The western limit of the Purchase of 1768 was designated as Tiadaghton Creek. But where was Tiadaghton Creek? The Indians claimed it was the present Lycoming Creek but the proprietaries always insisted that the present Pine Creek, located fourteen miles farther west, was the true Tiadaghton. Between these two streams lay some of the most fertile lands in the valley. During the progress of the dispute, from the year 1773 to May 1, 1785, when the state land office was opened for applications under the purchase of October 23, 1784, these lands which consisted principally of the rich bottom lying along the river, were settled by large numbers of "squatters," who knew that they were Indian lands and not within the control of the proprietary government. They therefore established a government of their own which was one of the simplest known in history, but, according to all accounts, was one of the most effective and is a striking example of the efficacy of government by commission.

In March of each year three commissioners were chosen by the ballots of the settlers to serve for one year and these commissioners were known as "fairplay men." It was their duty to see that each member of the community had "fair play." They settled all disputes that arose between individuals, tried and punished all who violated local law, made rules and regulations for the government of the community and, in short, exercised at the same time, executive, legislative and judicial functions.

They made the laws, they saw that they were enforced and they punished those who violated them. If anyone questioned one of their decisions he was put into a canoe, without paddle, towed to the middle of the river and set adrift.

"The fair play men" had no regular time or place of meeting, but assembled whenever the exigencies of a particular case required their action, Their laws were very few, very simple and founded, as all laws should be, but many are not, on common sense and common honesty.

"The fair play men" also levied whatever taxes were necessary for the common benefit, but as the community had not gone crazy over public improvements, the advancement of civilization and the development of its mighty resources they were kept at a minimum.

The people lived cleanly, they had few wants and these were easily supplied. Each did his share of the work and they were better ruled and governed than many a larger community of the present day with all the improved governmental machinery which a more advanced and enlightened civilization is supposed to supply. It is not known whether the "fairplay" men kept any records, but if so, they have, unfortunately, been lost, which is greatly to be regretted as they would have been of great interest to all lovers of good government.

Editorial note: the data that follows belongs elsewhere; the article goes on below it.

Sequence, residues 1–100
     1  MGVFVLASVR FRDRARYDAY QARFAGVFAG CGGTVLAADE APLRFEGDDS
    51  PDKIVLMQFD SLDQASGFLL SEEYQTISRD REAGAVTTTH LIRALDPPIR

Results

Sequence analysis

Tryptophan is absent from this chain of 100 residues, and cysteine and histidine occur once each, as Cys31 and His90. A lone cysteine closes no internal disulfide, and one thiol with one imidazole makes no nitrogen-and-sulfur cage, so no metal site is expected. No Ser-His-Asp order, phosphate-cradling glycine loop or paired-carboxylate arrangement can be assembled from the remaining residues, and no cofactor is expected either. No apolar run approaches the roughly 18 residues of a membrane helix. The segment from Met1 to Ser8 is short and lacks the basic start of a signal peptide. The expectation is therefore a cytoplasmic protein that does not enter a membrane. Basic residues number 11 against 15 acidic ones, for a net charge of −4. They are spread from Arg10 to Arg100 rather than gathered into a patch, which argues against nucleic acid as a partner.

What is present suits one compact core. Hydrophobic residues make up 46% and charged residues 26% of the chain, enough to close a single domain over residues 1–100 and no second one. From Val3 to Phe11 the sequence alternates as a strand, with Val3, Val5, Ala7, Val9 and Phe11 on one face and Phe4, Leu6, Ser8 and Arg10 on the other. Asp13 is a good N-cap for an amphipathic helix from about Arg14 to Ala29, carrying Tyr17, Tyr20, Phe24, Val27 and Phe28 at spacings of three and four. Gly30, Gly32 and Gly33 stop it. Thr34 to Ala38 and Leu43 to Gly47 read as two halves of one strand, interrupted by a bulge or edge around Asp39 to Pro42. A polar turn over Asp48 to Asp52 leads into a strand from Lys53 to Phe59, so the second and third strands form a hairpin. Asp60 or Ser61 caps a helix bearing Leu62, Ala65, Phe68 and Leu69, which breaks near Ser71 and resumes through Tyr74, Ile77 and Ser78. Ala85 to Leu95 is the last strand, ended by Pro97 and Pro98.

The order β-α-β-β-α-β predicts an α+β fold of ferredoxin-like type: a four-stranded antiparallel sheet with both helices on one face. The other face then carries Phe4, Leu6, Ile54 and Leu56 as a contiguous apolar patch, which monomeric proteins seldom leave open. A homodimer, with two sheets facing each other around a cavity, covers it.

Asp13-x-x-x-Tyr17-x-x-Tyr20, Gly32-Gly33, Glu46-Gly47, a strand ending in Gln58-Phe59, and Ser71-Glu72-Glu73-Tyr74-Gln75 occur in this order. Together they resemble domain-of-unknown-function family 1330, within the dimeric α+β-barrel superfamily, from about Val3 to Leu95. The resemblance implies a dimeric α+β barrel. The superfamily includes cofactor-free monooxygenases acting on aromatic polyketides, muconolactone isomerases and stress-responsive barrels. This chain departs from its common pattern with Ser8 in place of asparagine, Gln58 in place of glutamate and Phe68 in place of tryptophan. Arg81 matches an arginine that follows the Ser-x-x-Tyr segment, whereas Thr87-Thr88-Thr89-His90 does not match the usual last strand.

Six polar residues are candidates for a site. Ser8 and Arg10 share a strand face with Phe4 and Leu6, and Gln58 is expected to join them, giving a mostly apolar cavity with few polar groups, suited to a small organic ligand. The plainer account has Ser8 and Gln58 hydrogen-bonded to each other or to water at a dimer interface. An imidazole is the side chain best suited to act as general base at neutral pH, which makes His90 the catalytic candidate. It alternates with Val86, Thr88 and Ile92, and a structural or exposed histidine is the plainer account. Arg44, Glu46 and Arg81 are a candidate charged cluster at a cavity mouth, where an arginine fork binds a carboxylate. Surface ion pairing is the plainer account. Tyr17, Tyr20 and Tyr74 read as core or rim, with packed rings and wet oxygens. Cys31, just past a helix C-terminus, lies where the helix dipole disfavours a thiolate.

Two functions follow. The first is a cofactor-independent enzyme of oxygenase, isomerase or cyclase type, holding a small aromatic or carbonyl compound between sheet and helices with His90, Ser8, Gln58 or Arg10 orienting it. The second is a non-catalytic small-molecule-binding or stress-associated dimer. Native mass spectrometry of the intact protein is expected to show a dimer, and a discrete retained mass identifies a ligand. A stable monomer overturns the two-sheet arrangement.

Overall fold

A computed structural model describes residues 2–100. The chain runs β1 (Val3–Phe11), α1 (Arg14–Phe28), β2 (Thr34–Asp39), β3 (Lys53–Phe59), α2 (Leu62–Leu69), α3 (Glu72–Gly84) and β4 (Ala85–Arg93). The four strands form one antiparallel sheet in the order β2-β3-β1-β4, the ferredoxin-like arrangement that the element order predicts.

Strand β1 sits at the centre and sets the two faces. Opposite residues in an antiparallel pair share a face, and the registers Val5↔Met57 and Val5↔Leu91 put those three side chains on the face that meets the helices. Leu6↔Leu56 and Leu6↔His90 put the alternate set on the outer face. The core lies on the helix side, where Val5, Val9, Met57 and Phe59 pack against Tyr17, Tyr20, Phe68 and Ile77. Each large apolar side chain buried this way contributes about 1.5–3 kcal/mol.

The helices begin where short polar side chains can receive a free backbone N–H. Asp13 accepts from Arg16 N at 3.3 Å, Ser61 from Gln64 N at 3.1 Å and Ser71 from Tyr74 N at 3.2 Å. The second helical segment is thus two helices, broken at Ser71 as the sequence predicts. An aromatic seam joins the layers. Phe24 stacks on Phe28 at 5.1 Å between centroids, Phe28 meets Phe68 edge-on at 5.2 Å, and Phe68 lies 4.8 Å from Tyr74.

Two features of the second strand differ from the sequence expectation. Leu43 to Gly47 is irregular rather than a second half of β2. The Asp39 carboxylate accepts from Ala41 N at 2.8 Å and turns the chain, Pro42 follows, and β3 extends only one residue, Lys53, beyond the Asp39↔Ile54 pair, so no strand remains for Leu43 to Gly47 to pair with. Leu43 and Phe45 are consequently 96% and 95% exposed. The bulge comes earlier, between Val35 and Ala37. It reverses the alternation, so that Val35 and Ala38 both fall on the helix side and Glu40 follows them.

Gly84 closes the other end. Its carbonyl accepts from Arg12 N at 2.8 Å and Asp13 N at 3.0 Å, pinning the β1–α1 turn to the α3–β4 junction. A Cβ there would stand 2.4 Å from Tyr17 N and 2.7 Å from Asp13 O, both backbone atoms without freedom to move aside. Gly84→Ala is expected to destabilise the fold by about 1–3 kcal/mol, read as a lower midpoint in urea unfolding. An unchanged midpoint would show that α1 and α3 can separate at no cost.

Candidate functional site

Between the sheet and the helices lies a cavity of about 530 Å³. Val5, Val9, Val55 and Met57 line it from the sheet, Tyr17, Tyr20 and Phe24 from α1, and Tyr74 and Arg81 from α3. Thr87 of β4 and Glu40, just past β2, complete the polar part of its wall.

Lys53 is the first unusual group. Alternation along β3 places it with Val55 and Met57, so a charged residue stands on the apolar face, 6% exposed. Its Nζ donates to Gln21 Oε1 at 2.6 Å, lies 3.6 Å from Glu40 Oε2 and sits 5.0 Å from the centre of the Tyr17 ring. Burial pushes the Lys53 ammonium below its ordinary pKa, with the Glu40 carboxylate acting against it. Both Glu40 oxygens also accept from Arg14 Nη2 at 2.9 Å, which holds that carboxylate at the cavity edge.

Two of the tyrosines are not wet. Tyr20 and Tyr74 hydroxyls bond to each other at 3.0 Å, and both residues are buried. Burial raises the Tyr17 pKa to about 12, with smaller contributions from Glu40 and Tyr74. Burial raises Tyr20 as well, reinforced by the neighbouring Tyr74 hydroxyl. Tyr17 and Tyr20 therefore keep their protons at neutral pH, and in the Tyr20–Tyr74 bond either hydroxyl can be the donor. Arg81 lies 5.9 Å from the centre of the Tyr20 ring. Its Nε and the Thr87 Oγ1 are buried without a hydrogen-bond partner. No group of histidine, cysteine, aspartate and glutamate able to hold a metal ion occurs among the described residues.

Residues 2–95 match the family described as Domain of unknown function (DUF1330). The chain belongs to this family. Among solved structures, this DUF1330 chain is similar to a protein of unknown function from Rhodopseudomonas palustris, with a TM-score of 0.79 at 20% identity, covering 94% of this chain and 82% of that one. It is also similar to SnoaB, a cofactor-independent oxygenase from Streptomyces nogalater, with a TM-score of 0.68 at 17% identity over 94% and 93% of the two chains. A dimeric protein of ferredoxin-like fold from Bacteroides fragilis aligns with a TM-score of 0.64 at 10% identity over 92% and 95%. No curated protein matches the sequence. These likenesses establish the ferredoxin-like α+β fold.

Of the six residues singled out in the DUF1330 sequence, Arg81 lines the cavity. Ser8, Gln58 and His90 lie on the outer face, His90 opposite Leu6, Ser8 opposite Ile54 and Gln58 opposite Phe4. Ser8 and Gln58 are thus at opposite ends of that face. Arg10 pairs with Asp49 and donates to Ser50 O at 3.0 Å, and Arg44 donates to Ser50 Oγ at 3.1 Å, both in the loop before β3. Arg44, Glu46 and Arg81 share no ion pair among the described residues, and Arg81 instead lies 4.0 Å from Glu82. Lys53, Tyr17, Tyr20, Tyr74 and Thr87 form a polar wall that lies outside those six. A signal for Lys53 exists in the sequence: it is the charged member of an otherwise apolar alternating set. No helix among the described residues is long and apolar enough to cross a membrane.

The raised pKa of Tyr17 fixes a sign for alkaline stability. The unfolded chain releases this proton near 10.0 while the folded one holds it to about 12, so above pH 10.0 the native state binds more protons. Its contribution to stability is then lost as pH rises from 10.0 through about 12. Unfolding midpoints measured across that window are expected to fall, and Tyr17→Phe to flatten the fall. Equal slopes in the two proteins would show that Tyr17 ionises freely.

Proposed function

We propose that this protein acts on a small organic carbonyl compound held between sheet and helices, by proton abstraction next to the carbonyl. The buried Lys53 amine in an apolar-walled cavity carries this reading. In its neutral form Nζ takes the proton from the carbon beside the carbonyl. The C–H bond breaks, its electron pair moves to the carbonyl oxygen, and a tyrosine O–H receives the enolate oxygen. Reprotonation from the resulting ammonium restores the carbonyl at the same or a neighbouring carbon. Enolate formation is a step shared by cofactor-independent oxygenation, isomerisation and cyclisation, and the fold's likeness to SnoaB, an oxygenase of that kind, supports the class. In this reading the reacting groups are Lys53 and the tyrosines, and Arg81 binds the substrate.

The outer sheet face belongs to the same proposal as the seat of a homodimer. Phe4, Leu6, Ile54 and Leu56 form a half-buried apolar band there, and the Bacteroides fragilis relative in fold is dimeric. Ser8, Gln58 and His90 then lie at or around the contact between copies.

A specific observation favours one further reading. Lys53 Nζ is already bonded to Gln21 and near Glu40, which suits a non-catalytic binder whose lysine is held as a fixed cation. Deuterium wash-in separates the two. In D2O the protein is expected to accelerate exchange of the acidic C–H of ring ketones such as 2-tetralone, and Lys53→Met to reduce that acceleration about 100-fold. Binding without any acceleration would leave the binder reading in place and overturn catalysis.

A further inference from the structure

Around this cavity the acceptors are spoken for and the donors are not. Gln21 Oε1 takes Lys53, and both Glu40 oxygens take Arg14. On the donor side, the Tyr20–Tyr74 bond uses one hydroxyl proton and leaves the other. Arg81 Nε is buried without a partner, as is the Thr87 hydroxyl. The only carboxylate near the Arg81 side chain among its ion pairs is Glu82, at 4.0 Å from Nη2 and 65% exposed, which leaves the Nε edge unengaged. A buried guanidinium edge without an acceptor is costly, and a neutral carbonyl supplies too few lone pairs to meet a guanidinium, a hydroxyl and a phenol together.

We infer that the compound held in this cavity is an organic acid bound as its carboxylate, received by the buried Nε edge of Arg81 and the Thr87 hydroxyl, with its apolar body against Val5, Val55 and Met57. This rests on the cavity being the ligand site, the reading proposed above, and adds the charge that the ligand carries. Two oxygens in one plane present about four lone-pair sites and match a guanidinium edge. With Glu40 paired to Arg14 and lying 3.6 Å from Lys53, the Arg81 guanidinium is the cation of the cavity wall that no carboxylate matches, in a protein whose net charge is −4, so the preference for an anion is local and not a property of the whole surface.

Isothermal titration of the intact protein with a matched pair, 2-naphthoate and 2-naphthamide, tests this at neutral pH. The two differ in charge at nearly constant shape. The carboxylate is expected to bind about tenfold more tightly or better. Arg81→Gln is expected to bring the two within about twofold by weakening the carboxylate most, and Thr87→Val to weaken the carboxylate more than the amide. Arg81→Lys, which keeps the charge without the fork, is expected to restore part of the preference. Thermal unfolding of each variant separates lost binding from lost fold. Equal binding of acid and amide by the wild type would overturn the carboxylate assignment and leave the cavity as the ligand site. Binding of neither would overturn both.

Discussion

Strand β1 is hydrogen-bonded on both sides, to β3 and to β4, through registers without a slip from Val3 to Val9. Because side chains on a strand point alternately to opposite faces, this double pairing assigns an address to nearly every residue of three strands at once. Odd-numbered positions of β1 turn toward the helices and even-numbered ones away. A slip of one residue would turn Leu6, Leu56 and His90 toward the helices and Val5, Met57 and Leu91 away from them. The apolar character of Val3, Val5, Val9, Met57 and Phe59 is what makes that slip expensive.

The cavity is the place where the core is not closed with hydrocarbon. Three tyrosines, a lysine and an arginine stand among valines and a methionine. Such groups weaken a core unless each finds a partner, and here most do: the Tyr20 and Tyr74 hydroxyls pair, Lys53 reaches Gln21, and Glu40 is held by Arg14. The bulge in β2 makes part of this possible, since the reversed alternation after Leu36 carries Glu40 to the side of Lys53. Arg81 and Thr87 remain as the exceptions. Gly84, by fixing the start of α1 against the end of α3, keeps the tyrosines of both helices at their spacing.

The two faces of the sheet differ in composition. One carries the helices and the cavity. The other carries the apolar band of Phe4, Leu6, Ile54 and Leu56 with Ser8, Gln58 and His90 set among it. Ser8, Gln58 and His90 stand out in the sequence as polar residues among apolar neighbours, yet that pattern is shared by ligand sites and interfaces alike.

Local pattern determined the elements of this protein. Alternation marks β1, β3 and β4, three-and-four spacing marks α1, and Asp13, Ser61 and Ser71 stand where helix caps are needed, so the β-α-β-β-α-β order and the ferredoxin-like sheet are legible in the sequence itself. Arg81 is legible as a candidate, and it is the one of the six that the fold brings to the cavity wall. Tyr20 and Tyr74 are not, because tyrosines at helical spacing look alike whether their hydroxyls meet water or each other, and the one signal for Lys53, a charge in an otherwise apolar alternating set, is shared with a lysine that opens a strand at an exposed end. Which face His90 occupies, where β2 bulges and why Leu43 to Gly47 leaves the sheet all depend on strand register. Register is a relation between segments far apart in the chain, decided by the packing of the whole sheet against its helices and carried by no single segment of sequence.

From the character of those who are known to have served as "fairplay men" it is certain that the very best men in the community were chosen for the office and it is recorded that their decisions were rarely questioned. They were governed by the purest motives, served without pay and ruled with fairness and justice to all. Their decision in all matters which came before them was final, there being absolutely no appeal to a higher court or other tribunal.

The following persons are known to have been members of the "Fair Play" organization: Joseph McMahon, John Fleming, James Curry, William Dougherty, Thomas Forster, John Baker, William Maginley, Peter Maginley, William Dunn, John Chatham, James Erwin, John Dougherty, John McKinney, William McMeans, Thomas Nichols, William Jackson, F. Hiler, J. Woodsides, Benjamin Warner, Samuel Fields, Fred Bodine, John Price, Edmund Huff, Bratton Caldwell, A. Ketelinger, Richard Manning, James Forster, John Hamilton, William Luckey, John Holmes, John McElwain, James Alexander, Adam King, Robert Holmes, Richard Suthern, James Stewart, Joseph Mahaffey, William Dougherty, John Jackson, David Hammond, William Walker, Edward Masters, John Akiridge, Robert Brayley, Thomas Ferguson, Samuel Camel, James Jackson and Robert Reynolds.

Such a tribunal as that known as the Fair Play System has no counterpart in the history of the world and in order to understand its methods more fully the following deposition of William King in the case of Huff versus Latcha made March 15, 1801, the only contemporary document extant recounting the procedure of the Fair Play men, is given in full.

"Edmund Huffs

"Jacob Larcha

"In the Circuit Court, Lycoming County,